Monday, October 16, 2006

Flip Flop on Natuna D-Alpha

In less than one month, government officers made flip-flop and conflicting statements on the status of ExxonMobil & Pertamina's contract to develop the massive gas reserves called Natuna D-Alpha project.

Today, both energy minister Purnomo Yusgiantoro and BPMigas chairman Kardaya Warnika stated that the Natuna PSC had been automatically terminated in January 2005. Few weeks ago, both officers stated that give time to Exxon & Pertamina until January 2007. In between, both guys also stated that Exxon may still operate the gas block but with brand new contract.
On the other hand, ExxonMobil which controls 76% shares in Natuna D-Alpha (Pertamina 24%) insisted that the contract is valid until 2009. (FYI, Pertamina initially owned 50% shares in Natuna D-Alpha. But somehow Pertamina divested 26% few years ago, and nobody raised the question, why? I could understand if the divestment is considered a big mistake, especially with the sky-high energy price in recent years)
Anyway, back to the Natuna legal battle, it's clear that both parties have different interpretation of the contract itself. Article II.2.2 of Natuna PSC amended in 1995 stated that if contractors (Exxon & Natuna) failed to come up with clear commitment before January 2005, the contract shall automatically terminated. Exxon claimed that it's letter dated December 2004 to BPMigas confirming the commitment to develop Natuna has been enough to secure the first two year extension, which means until January 2007. Article II.2.3 also stated that if one of the parties (BPMigas or contractor) asking for extension after the first two year of extension to further confirm the project, it's deemed obliged to approve additional second two-year extension (until 2009).
Government claimed that the contract has not been terminated unilaterally, but automatically. It means, government should provide proofs that contractor (Exxon & Pertamina) failed to meet the requirements in the contract. So far, no such proofs available that legally convincing. But Kardaya seems to believe that government is in strong position even if Exxon challenge that in international arbitrary. People that familiar to oil & gas business doubt though. "It's gonna be the next Karaha Bodas," he said.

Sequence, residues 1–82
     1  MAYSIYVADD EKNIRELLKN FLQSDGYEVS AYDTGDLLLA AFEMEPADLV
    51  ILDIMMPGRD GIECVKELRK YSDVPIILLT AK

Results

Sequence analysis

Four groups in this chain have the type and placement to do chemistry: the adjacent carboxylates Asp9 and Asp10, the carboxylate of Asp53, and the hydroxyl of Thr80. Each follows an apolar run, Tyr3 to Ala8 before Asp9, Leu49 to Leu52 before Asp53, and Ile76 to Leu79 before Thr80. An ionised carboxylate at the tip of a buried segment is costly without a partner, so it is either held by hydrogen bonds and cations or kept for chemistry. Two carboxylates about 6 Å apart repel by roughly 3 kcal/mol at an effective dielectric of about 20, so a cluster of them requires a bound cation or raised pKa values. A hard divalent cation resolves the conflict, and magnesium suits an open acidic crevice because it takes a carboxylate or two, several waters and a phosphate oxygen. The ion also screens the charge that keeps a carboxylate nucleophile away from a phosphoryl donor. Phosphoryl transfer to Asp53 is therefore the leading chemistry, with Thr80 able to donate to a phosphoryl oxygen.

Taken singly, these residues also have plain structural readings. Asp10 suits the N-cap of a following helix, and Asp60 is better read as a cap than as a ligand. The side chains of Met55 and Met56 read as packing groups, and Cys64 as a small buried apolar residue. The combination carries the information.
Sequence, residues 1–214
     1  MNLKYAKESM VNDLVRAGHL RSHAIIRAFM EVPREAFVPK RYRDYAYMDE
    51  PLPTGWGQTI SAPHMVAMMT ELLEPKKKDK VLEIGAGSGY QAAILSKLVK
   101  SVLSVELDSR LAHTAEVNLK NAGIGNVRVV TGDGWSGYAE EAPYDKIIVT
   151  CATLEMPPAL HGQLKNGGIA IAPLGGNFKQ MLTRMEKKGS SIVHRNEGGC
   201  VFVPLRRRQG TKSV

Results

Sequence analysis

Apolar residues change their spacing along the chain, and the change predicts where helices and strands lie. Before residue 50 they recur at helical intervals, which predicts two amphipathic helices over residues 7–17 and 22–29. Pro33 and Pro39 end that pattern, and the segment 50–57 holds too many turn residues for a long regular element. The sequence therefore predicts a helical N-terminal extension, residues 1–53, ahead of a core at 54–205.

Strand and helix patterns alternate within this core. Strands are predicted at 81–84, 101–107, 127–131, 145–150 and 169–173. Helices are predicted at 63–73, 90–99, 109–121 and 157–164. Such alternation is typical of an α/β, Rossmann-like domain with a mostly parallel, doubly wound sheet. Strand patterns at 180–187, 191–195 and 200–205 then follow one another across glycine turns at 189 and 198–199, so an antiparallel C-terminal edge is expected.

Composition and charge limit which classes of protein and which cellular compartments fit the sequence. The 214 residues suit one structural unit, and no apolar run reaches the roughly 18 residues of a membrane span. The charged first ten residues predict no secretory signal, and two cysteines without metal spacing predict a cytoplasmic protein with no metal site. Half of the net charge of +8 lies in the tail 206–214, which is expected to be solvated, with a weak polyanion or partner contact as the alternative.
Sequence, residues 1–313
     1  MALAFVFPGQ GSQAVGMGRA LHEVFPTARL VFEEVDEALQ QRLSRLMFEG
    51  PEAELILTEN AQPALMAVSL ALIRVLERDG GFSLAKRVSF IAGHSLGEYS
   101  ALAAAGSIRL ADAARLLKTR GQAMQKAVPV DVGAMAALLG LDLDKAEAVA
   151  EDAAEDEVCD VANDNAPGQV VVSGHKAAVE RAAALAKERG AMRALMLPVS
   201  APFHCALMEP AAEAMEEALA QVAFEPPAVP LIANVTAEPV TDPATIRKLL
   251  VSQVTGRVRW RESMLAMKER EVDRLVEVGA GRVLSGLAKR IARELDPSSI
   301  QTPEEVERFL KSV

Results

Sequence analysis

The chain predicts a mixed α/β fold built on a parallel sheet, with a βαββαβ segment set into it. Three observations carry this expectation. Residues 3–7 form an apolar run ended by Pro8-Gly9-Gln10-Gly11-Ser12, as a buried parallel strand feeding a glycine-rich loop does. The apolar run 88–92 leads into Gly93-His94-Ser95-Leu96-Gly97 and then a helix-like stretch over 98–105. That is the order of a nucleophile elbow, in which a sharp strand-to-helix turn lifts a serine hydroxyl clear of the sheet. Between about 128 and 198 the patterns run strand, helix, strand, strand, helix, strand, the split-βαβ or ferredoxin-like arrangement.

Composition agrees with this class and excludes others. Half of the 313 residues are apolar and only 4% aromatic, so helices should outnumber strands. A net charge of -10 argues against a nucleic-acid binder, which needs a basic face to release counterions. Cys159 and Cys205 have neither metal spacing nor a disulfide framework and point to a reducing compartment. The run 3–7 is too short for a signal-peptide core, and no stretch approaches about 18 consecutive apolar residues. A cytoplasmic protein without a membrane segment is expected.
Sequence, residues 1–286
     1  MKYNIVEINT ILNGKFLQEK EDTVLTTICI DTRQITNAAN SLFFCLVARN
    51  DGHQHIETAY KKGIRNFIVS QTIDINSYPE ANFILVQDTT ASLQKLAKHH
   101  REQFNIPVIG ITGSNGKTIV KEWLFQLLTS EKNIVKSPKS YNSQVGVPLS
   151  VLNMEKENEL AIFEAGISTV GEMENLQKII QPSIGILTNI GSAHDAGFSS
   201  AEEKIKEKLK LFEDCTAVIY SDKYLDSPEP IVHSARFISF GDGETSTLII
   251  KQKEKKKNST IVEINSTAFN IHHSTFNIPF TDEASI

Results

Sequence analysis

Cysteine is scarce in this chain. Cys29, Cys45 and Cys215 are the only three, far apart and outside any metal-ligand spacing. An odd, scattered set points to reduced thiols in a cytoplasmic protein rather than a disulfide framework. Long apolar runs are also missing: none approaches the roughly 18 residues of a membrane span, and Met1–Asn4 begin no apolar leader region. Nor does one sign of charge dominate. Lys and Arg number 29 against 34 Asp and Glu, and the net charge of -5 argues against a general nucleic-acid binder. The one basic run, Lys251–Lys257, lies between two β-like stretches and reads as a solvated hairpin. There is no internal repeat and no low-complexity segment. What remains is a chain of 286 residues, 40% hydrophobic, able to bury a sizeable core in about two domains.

What if government think that Indonesia managed to postpone hundreds of million dollar fine of Karaha Bodas case? Well, let's read brand new flip-flop statements in the newspaper in the coming weeks or so.
But the first statements, maturity of contract in 2007, has completely different legal consequences, i.e. government acknowledging Exxon's commitment made in December 2004 and the 2-year extension accordingly. Meanwhile if government claim the contract had been terminated automatically in Jan 2005, it has to come up with proofs to support that and probably a stupid question: Why government said before that the contract would mature in Jan 07? Or another stupid question: What's happened in the last two years? Where are all these guys?
I try to take positive leasons out of this. Suppose that gas price stays the same like 5 years ago, nobody would care about Natuna D-Alpha, because it's just too costly to develop. Now that government want to renegotiate for better terms, that's good. But we have to do it right. Some people try to blame Soeharto or BJ Habibie for the contract given to Exxon. Partly true because we always forget to protect ourselves from future ups-and-downs in contracts with smarter guys. Meaning, we have to learn to be smart in negotiations, articles by articles, paragraph by paragraph, and word by word.

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